I’ll be honest. I was looking for dirt on Melania. I just can’t dislike her despite that gold digger title she’s been tagged with. It’s extremely difficult to support yourself as a woman alone unless you’ve had a whole lot of support (like a stable home and an excellent college) from your family. Even beautiful women without a man will not be safe. Along the way, most single women will experience some form of workplace harassment. Just because they’re single. So to me Melania was only doing what women have done though the ages. She paired up with a strong man who could protect her.

It shouldn’t be this way but it is. So I had never disliked Melania because she married DT. She’s so private, though. Ask any writer. They want to know more. What makes Melania tick? According to her former best friend, Melania is a taker, not a giver. She gave plenty of examples but I was not convinced. It seemed to me this author has a grudge against the dysfunctional administration, and rightly so, as they tried to pin the massive inaugural budget on her. But she didn’t know where the money went. She was paid close to half a million, but they were saying she took many more millions.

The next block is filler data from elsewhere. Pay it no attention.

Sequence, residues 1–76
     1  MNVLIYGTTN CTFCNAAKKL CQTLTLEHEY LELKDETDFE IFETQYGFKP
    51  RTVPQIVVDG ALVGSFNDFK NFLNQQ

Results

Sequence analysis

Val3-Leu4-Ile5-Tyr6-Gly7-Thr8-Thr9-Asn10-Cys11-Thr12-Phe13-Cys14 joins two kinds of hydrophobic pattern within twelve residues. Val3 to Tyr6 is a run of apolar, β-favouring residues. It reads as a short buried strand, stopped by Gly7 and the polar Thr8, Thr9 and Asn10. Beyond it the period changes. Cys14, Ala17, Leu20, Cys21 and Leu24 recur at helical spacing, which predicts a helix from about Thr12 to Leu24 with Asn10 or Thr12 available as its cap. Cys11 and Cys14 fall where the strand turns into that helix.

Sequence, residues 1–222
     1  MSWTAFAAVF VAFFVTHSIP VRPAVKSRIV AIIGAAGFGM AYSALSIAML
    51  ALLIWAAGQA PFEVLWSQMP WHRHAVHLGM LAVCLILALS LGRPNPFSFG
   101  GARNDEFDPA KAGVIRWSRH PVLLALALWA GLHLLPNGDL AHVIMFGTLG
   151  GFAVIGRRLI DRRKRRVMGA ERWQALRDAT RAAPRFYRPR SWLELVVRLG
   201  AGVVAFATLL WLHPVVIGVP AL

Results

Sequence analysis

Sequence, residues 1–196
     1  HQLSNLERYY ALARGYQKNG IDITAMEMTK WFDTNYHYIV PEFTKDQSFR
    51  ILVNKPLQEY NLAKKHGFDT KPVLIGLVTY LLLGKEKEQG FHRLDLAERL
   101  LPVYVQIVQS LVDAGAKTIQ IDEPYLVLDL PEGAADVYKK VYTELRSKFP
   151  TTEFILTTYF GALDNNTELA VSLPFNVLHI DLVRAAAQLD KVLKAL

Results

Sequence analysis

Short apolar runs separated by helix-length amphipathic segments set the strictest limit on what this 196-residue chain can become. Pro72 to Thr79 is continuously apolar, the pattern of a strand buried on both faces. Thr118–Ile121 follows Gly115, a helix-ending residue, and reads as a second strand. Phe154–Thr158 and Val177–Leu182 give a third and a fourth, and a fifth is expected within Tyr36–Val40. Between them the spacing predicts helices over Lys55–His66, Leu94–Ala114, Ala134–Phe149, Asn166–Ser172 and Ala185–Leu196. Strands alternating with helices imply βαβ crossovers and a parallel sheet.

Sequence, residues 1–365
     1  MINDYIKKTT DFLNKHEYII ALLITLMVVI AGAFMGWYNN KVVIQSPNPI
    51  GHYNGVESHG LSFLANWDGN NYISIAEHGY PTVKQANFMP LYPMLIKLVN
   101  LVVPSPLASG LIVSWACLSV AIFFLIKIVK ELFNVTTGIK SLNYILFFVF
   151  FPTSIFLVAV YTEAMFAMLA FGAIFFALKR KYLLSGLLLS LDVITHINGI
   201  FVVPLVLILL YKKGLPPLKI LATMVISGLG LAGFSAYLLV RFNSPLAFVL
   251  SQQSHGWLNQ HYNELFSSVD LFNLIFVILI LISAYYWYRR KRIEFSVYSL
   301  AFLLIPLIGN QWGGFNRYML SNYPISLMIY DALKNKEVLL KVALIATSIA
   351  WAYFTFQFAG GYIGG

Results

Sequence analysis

Her gripe seems to be Melania didn’t stand up for her. The court cases are still pending so it’s all a bit murky. I came away from the book knowing Melania a little bit more, but through the eyes of a friend who felt betrayed. So you have to take that for what it is. The book humanized Melania. Showed what a good friend she could be, and showed that she had a mind of her own and didn’t really care what people thought of her. Which is good because so many people (including Ivanka) seem to hate her.

I wrote a short version of parts of this when I rated the book on Amazon (gave it 4 stars). I sometimes do review books on Amazon. I’ve never had a review turned down but this one got the thumbs down almost immediately. Yes, Amazon rejected my review! Even though I was a “verified purchaser.” I’m not upset. This kind of rejection, I can handle. I still can’t figure out, however, how you can write an objective book about politics without mentioning your own politics.

Improv for Writers